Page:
Helping people with computers... one answer at a time.
Network failures after standby are not uncommon in older machines. Fortunately, fixing network problems after standby is not difficult - usually.
I have a Dell running Windows XP Home addition. When I put my computer in standby or sleep or if it has been inactive for several hrs , when I resume use I find I cannot connect to the internet - or the browser says "website cannot be found" like it's not connected. I use DSL and the connection works fine on my other computer with no problems. I restart the problem goes away for a short time - till it is inactive again. What gives? I have 2 hard drives on this computer. My other drive never has this problem. I have even deleted, reformatted and reinstalled windows XP and the problem is still there.
I wouldn't expect the hard drives to be a factor at all.
What you're describing isn't terribly uncommon, and points to either of a couple of places.
What you're describing is simply a lost network connection. As you say, the computer cannot connect to the internet - at all - so pages can't be retrieved, and the error you see in the browser is the result. If you have other machines on your local network, you probably can't see or connect to them either, until you reboot.
The issue here is power management. When you put a computer into standby, software is not unloaded, but left in memory while most all of the other hardware is turned off to conserve power. When you resume from standby all that hardware is turned back on, and then needs to not only be re-initialized, but it needs to be restored to the same state it was in before standby. That's when things can get confused.
As I said, there are two common causes:
BIOS - Your computer's BIOS, the software that's 'built in' to the hardware of your computer and which acts as an interface between Windows and the hardware, plays a very large role in power management. Problems with standby were very common in older laptops as the BIOS on many computers wasn't handling every scenario properly.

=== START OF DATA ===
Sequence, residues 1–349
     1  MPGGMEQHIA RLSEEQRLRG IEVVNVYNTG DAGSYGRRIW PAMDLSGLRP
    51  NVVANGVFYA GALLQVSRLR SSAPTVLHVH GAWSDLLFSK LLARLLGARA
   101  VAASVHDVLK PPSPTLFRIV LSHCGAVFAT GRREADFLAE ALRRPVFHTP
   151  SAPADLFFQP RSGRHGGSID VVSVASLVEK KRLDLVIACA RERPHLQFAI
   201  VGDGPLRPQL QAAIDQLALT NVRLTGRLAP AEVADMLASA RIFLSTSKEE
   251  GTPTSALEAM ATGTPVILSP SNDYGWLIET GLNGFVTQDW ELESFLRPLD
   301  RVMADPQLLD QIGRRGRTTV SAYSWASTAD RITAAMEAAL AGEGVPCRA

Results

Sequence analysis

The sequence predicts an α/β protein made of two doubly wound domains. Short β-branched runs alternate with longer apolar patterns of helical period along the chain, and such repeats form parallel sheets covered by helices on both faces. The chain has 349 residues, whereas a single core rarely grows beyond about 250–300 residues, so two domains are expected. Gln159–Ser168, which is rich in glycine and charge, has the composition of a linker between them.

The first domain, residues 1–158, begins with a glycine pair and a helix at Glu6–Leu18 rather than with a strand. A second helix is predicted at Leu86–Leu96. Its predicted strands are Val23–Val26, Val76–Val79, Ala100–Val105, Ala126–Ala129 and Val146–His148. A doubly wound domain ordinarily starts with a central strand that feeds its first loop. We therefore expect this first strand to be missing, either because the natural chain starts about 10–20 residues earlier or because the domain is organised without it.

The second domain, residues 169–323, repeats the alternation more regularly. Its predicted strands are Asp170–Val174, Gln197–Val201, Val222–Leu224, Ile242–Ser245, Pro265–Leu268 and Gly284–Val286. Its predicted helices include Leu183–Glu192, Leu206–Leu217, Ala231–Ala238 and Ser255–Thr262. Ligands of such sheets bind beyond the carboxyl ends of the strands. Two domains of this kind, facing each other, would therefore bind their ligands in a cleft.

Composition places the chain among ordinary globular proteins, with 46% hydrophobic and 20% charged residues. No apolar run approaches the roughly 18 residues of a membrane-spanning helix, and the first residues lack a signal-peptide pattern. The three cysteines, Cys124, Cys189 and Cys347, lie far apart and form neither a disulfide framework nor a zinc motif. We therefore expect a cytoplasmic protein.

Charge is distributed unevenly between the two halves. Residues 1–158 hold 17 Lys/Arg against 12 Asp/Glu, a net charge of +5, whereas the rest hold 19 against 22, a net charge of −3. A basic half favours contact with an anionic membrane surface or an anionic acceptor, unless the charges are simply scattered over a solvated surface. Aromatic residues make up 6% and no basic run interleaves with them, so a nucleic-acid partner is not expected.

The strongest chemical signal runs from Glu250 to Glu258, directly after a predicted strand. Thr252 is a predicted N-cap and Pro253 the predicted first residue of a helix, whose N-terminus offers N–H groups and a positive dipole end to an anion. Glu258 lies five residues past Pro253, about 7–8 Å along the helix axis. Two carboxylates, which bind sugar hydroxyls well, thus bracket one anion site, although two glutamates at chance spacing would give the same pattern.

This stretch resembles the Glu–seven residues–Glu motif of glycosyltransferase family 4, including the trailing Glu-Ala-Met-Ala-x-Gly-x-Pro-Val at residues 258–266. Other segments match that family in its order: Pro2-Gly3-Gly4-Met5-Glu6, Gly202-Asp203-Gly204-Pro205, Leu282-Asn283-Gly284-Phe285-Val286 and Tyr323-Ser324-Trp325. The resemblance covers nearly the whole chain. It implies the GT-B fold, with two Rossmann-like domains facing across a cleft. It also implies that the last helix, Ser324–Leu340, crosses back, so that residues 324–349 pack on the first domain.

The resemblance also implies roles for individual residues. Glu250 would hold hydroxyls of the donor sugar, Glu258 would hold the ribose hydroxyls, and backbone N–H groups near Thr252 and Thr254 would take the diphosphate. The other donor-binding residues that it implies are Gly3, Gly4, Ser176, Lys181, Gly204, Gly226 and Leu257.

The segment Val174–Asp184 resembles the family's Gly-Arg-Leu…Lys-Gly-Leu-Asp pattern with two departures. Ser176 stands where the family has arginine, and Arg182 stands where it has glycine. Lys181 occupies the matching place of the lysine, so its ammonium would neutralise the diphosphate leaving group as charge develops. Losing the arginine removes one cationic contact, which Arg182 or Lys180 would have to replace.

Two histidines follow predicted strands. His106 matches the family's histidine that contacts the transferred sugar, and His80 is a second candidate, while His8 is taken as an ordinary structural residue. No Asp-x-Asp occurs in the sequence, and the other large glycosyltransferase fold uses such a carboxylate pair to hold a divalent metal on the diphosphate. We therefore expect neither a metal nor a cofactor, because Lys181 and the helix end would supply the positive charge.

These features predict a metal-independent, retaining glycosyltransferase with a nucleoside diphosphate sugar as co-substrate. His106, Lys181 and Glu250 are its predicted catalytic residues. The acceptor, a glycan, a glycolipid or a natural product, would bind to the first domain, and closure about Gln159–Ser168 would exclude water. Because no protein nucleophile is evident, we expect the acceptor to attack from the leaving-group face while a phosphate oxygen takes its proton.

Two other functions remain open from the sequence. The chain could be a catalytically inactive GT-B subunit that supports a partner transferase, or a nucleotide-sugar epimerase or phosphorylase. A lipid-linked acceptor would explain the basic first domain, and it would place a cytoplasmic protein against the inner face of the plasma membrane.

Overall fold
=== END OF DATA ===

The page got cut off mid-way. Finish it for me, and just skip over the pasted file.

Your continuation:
Your first step should be to check with the manufacturer of your computer, Dell in your case, for an updated BIOS for your machine. Installation is typically a download which you then run, or copy to a boot floppy or CD and then boot from.
Drivers - as I said, "waking up" from standby requires that each piece of hardware be re-initialized, and that's in part the job of the drivers for that hardware. You didn't mention what kind of network connection or interface you are using, but if it's drivers don't handle resume properly, the result could be a dropped network connection.
Your second step, should the first not resolve the issue, would be to locate updated drivers for your network interface. Once again this is probably something you would locate on your computer manufacturer's site - Dell, in your case.
If neither of those options work, next steps become a little more hazy. I'd certainly make sure that Windows itself was fully up to date with a visit to Windows Update.
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